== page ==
Digital Thread

For Digital Thread we mean the implementation of a digital information management system for the entire life cycle of a product. The MBD is the fundamental element for a digital approach during the design and production phase. However, with the Digital Thread, the benefits generated by a continuous exchange of data are also extended to the subsequent phases, namely:

  • during operation: the system is able to exchange and process data in real time
  • in the product support phase: the data exchanged allow a more efficient and timely support, and to react more quickly in case of malfunctions or system failures
  • in the decommissioning phase: from a circular economy perspective, it becomes essential to have information regarding the disposal and reuse of components

Below is a schematic representation of a Digital Thread approach according to General Electric:

Digital Thread
GE Digital Thread. Fonte: GE, slide 6 dalla presentazione “GE’s Digital Manufacturing Transformation”.

Digital Twin

 

And now let’s answer the question posed at the beginning: what is a Digital Twin?

A Digital Twin consists of a virtual representation of an object or a system capable of behaving, in real time, in the same way as the physical system thanks to a continuous data exchange.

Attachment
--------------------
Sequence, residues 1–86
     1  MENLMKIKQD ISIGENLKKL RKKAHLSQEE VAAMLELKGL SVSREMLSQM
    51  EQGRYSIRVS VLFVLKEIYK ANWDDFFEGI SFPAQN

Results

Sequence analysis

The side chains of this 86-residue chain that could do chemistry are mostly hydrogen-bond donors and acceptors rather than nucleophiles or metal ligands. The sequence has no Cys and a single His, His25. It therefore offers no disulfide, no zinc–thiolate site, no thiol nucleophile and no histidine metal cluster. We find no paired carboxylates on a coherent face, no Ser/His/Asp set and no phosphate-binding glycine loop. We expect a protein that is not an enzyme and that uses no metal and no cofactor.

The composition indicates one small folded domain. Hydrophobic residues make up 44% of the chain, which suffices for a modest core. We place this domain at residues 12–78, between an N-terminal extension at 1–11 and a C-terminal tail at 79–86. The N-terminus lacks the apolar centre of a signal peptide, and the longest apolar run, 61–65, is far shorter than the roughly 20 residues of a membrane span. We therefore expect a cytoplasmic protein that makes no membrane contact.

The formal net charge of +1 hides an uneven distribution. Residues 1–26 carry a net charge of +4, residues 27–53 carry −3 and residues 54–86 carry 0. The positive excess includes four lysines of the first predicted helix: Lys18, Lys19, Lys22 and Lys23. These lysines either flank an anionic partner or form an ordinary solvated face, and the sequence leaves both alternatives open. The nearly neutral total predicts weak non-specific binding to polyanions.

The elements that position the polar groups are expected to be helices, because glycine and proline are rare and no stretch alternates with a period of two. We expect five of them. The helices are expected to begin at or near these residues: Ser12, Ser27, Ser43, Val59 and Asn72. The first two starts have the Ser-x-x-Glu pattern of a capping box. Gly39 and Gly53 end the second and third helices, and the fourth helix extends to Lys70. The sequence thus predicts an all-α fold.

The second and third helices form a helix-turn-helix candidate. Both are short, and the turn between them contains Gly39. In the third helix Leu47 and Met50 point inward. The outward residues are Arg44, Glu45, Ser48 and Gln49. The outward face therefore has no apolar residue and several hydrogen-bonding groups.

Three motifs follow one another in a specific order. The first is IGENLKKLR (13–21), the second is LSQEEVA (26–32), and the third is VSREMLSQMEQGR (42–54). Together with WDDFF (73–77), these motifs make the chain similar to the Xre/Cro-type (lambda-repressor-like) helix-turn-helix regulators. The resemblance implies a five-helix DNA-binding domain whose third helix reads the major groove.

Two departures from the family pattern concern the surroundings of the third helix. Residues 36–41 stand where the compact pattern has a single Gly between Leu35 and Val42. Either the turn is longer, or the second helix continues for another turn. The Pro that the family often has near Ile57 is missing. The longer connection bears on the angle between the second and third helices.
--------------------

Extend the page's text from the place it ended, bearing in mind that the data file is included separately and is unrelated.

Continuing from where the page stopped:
Consequently, the Digital Twin may use a digital mockup (although this is not always the case), but above all an infrastructure equipped with cyber-physical systems capable of exchanging information regarding the kinematics and / or dynamics of the physical system, depending on the level of complexity to be achieved.

What are the advantages of implementing a Digital Twin? Here are a few:

  • Remote monitoring of the production system
  • Upstream analysis of scenarios
  • Decisions made on the basis of real data
  • Greater transparency
  • More flexibility

It is easy to understand how the implementation of a Digital Twin is not trivial at all and it is therefore necessary to evaluate the actual benefit and the level of complexity required on a case by case basis. In some cases, a digital twin can only be implemented to monitor a specific aspect of a factory, such as logistics. In this case, a digital mockup is not required in principle, but simply a 2D schematic representation of the factory to identify the flow of parts in real time.

Where to start?

In this short post we have highlighted the differences between Digital Mockup, Model-based Definition and Digital Thread to finally define more clearly what Digital Twin is. Therefore, depending on the specific needs of a company, it will be necessary to implement one solution rather than the other.

In this sense, Accialini Training & Consulting is able to guide the company towards the digital transformation that best suits its needs.

For more information, contact us to discuss your needs together in detail.